Recent seasons have been difficult for the man whose goal won Germany the 2014 World Cup, but Gotze has made 40 appearances in all competitions this season for the first time since 2014-15 and is vying for championship success with a third different club. — Richardson
Cody Gakpo is helemaal terug! 🔙
— ESPN NL (@ESPNnl) March 6, 2022
Two teams that should be worried
Man United failings exposed yet again
When Manchester United finally cut ties with Ole Gunnar Solskjaer in November, the club was tied for eighth in the Premier League, with the 11th-best expected-goal differential. Since Ralf Rangnick took over, they have won the third-most points per game and produced the sixth-best xG differential. It’s better, but as we saw in the 4-1 loss to Manchester City, it’s just nowhere close to good enough:
— The Analyst (@OptaAnalyst) March 6, 2022
The scary part: United still have to play Tottenham, Liverpool, Arsenal and Chelsea. Because of the daunting schedule and the OK-not-good-definitely-not-great performances under Rangnick, FiveThirtyEight’s predictive model gives United just a 12% chance of finishing in the top four.
Plus, any reason to expect improvement over the rest of the season (Better without Cristiano Ronaldo? More suited to play against better teams?) seems less believable all of a sudden. Right now, FiveThirtyEight’s average simulated season metric has them projected to finish with 62 points, which is two fewer than in David Moyes’s ill-fated 2013-14 season as manager. –– O’Hanlon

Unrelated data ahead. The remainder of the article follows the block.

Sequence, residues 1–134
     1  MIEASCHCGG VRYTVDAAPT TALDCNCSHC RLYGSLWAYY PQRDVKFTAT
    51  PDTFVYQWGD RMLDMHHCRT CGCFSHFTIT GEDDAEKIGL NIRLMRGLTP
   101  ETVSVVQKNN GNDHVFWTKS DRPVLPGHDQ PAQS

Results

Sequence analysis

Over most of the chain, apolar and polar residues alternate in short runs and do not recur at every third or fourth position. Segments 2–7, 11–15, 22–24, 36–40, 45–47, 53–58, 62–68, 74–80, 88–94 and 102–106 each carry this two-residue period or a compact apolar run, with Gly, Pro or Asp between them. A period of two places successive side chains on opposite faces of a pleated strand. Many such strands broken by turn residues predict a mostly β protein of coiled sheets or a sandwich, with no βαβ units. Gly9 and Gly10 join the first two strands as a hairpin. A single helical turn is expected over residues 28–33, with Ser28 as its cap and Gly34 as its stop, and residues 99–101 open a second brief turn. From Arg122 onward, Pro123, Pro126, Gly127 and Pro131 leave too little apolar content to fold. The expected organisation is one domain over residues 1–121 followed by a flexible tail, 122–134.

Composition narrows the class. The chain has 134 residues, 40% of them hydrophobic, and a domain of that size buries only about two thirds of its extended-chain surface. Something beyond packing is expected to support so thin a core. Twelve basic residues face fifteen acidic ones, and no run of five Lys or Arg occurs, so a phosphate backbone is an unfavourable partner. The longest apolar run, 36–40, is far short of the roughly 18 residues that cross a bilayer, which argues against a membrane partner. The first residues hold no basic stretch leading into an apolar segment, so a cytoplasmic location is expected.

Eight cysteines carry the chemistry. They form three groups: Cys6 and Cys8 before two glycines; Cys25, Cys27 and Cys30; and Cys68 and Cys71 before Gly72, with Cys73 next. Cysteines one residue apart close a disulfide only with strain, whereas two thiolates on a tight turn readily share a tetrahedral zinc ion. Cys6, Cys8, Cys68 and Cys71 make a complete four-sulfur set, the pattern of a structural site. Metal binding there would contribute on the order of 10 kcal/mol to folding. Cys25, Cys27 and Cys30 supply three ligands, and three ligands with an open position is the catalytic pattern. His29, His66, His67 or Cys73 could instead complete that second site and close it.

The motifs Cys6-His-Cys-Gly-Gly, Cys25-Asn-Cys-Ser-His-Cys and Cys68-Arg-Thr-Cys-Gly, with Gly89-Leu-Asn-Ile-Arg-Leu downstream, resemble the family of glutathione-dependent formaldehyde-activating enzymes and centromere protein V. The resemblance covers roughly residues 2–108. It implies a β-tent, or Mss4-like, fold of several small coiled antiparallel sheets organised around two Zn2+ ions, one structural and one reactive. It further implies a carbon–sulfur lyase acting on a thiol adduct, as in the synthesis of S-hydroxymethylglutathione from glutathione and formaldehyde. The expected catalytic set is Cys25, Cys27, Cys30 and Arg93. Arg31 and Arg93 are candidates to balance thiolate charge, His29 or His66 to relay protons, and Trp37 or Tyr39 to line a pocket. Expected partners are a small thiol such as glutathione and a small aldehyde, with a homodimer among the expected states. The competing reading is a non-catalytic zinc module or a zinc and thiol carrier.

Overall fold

Alexis Nunes and Janusz Michallik discuss Manchester United’s devastating loss to Manchester City.
Granada move on from Moreno
It was at 12:37 a.m. Spanish time, following a Saturday that had brought a 3-1 defeat at Valencia that made it nine games without a win in 2022, when the announcement finally came that Granada had fired manager Robert Moreno.
The appointment was a gamble from the start and is another that has done little for Moreno’s coaching CV. After inheriting the Spain job in difficult circumstances when Luis Enrique was forced to step aside for family reasons in 2019, Moreno’s subsequent spell at Monaco was a disappointment and this season at Granada has been dreadful.
A brief rally in December — highlighted by a win over Atletico Madrid — was the only bright spot and his relationship with fans and local media has been fractious. The 44-year-old departs with Granada 17th in LaLiga; reserve team coach Ruben Torrecilla has been charged with halting the slide. — Kirkland
Martinez inspires Inter’s return to form
Inter had failed to score in four consecutive matches ahead of their meeting with Salernitana, with such stuttering form denting their hopes of success in Serie A, the Champions League and the Coppa Italia.
Meanwhile, the goalless run of Lautaro Martinez had reached 10 games, so there was relief all-round when the Argentine striker hit a hat trick — and took 10 of his team’s 23 total shots — and the Nerazzurri rolled to a 5-0 win over their bottom-of-the-table opponents.
The 24-year-old opened the scoring on 22 minutes and doubled the lead five minutes before half-time, but saved his best for last with an emphatic finish early in the second period. Moreover, his partnership with Edin Dzeko appeared to be improved; the duo’s form could decide how Inter fare for the rest of the season. — Richardson